CPAP Tolerance

CPAP Tolerance

15561659_sObstructive sleep apnea is a condition in which an individual slows or stops breathing while sleeping at a dangerous level.  The lack of oxygen makes the heart work harder than it is meant at night. Over time, it increases the risk of heart attack and stroke. It also leads to resistance to insulin and increases weight gain. Depression, increases pain, and fatigue can accompany this disorder. Unfortunately, many patients have tried CPAP (continuous positive air pressure) machines but had difficulty tolerating the device. The most common reason is that they feel they are smothering. This is not unrealistic because the CPAP is designed to be an “air splint” keeping your airway open so you can breathe naturally at night. When you first put on the device you may breathe in easy but eventually have difficulty breathing out, making it feel as you are suffocating.  Addressing this problem can be done quickly and effectively.

What to Expect Your First Visit

Your first visit consists of a psychological sleep evaluation. Please bring your ID and insurance card with you. You will meet with a health psychologist for a full clinic interview to go over your sleep, CPAP tolerance, medical history, and how the sleep is affecting your life. You will also complete a series of psychological tests. These are paper pencil tests in our office and there is no time limit. You may be mailed a packet of these tests prior to your appointment. If you could complete this packet and bring it to your evaluation, it would shorten the length of your appointment. There are other tests that will have to be completed in the office. Some of these tests have general psychological questions that may seem unusual. Please just answer them to your best ability. Please bring your reading glasses. If you have difficulty reading, we have some of tests on audio, or you could have a friend or family member assist you with the completion of the test.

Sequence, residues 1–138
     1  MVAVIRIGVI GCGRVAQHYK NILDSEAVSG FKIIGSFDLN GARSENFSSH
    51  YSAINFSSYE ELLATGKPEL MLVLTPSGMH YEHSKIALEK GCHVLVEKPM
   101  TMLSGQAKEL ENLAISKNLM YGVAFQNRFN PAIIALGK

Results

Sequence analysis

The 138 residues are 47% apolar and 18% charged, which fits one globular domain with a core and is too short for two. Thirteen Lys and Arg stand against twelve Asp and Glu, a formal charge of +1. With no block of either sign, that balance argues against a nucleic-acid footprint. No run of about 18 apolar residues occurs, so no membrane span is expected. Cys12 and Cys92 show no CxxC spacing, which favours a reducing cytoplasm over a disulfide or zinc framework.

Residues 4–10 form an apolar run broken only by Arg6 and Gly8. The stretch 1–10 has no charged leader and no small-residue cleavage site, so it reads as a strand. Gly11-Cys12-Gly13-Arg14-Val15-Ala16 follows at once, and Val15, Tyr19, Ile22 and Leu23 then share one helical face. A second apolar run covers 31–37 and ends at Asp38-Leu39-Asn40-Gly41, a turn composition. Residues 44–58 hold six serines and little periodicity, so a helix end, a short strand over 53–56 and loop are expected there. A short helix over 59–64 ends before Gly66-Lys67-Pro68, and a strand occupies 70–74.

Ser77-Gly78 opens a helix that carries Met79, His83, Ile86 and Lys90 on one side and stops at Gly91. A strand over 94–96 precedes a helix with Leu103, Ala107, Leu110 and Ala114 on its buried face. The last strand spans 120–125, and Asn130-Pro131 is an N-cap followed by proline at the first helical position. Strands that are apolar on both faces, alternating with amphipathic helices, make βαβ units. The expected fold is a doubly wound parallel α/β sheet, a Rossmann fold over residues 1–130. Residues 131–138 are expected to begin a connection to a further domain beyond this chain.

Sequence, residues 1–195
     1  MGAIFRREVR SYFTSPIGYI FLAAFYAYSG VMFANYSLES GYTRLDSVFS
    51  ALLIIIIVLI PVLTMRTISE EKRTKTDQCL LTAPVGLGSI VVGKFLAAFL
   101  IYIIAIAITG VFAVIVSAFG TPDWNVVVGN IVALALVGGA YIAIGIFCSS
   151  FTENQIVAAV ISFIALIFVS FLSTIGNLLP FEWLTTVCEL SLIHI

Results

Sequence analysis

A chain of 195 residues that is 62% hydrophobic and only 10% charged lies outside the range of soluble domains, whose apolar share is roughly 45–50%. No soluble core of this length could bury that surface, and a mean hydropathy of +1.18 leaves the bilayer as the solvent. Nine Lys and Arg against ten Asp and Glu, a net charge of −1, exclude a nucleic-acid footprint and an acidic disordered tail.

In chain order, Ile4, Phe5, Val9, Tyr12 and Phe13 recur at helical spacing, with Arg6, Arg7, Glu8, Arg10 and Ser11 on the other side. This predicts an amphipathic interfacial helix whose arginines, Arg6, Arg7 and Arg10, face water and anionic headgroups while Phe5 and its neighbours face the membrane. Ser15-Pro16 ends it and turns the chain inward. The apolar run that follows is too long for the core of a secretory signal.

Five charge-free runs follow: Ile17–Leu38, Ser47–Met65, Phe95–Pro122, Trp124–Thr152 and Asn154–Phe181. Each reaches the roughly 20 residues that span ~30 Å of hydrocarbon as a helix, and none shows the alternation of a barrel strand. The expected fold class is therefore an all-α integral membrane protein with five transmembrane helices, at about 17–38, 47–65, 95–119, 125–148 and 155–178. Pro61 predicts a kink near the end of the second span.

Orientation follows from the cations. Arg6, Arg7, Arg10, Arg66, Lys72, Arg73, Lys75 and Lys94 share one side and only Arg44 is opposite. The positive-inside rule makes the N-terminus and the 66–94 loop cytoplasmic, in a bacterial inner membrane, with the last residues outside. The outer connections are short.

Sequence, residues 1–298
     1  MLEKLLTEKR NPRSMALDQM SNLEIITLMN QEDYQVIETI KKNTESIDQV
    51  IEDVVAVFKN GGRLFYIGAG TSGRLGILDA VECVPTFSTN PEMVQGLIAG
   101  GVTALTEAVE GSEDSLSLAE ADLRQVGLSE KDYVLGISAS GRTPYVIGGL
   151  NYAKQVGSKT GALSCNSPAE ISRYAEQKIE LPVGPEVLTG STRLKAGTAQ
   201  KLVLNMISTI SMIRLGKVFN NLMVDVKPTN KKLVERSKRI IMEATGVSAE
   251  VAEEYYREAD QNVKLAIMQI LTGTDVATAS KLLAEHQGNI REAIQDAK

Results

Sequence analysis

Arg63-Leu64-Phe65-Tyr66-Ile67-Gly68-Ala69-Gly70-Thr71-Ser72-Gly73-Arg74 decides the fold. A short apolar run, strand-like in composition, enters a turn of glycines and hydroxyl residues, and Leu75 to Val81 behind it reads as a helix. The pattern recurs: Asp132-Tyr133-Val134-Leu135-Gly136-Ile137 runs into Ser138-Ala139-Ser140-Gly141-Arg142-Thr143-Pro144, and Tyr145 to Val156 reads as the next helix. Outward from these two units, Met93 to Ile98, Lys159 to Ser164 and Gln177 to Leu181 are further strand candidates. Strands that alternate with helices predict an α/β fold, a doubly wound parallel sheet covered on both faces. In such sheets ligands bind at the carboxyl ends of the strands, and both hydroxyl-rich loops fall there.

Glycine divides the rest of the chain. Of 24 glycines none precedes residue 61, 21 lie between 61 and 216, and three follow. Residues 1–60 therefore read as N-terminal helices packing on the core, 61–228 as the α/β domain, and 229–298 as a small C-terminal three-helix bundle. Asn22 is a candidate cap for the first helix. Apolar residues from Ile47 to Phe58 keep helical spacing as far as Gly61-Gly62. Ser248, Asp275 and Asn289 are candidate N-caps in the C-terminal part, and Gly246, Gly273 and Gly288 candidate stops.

The health psychologist will take the information from talking to you, your psychological testing, and your medical records to compile a psychological sleep evaluation. This will include treatment recommendations for your benefit.


Treatment will include a CPAP desensitization protocol to help you tolerate the device. We have you ease into using the device so you can tolerate the pressure and mask. We also treat any insomnia (difficulty going and/or staying asleep) you may have using cognitive behavioral treatment for insomnia (place link to insomnia page).  Treatment usually consists of 3-4 sessions thirty minutes each over the course of 4-6 weeks.